On Monday, the Supreme Court of the United States declined to hear the case involving a photographer from New Mexico who refused to photograph a gay couple’s wedding ceremony. By declining to hear the case, the decision made by New Mexico’s highest court is left to stand. That decision, which was also supported by lower courts, was that the photographer was discriminating against the couple.
The photographer, named Elaine Hugeuenin, and her husband run a photography studio together. Though the studio says it will offer services such as portraits to gay couples, they would not be able to photograph a “nontraditional” wedding. The Huguenins’ statement to the court was that photographing a gay or lesbian wedding would “require them to create expression conveying messages that conflict with their religious beliefs.”
Though the couple’s statement often discusses their religious background, the defense that was used was the First Amendment. In their petition to the court, the Huguenins and their lawyer say that since Elaine’s photography is an artistic expression, she shouldn’t be forced to say something she doesn’t believe by the government.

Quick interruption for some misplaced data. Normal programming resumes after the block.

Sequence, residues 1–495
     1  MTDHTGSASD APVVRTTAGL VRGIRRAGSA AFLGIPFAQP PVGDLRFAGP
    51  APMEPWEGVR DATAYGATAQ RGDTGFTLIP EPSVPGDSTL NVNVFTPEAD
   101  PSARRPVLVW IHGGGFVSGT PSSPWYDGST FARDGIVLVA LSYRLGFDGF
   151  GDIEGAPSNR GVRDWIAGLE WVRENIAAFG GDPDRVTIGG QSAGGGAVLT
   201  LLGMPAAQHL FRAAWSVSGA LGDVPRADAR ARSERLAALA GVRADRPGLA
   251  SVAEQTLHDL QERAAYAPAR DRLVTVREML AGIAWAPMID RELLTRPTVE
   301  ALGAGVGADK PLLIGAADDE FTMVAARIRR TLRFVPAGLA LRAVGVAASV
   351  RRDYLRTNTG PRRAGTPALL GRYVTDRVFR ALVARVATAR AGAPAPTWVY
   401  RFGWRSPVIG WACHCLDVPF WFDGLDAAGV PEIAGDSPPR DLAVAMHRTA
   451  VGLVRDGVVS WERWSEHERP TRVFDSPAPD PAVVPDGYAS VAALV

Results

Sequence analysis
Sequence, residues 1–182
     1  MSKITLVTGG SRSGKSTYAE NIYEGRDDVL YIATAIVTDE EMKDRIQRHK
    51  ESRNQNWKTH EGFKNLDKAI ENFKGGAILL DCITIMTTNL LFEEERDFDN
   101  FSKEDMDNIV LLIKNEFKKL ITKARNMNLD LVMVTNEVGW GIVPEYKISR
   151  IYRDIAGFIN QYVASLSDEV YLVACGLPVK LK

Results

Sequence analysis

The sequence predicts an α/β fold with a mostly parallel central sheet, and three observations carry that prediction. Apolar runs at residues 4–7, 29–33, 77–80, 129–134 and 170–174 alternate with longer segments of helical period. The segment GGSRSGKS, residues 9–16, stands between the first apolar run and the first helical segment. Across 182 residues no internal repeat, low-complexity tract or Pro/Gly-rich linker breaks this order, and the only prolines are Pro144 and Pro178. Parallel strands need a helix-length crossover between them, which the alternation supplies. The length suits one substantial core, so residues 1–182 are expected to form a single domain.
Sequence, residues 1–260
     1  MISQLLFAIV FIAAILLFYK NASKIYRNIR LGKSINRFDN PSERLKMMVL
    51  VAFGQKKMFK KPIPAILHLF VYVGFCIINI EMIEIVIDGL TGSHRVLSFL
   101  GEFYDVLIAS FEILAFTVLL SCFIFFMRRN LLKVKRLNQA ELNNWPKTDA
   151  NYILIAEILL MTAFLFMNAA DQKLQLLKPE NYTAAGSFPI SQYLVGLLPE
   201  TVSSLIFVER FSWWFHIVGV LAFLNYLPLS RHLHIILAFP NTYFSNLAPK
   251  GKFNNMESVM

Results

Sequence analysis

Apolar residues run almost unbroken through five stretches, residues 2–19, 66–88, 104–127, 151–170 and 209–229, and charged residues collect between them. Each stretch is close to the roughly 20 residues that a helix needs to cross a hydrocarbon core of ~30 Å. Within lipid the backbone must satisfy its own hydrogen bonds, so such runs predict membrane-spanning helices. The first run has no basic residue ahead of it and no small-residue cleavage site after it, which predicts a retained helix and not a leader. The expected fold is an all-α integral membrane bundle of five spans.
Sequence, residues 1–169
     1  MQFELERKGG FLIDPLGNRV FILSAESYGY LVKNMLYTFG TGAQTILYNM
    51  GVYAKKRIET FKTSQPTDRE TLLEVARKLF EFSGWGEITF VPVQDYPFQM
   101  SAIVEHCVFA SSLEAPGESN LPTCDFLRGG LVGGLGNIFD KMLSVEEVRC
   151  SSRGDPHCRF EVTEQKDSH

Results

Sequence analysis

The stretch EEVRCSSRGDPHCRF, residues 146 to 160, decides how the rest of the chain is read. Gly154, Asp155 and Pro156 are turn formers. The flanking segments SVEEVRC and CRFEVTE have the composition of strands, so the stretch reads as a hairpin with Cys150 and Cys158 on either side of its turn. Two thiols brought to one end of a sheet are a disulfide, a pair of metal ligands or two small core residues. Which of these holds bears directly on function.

However, the New Mexico human right commission found that the couple did violate the New Mexico Human rights act. The commission stated that not providing your public service to a gay couple would be on the same level as not providing service to a mixed race couple. The high court stated that offering photography as a public service was a business decision and is not about freedom of speech.
Gay rights groups are viewing the Supreme Court’s declination as a ‘win’ for gay rights issues. In their view, they believe that selling a public service, like wedding photography, does not explicitly mean that the business owner supports the customer’s marriage. They state that it is simply a business owner’s responsibility to protect customers from discrimination. They believe it is a practice that businesses must all adhere to, without exception.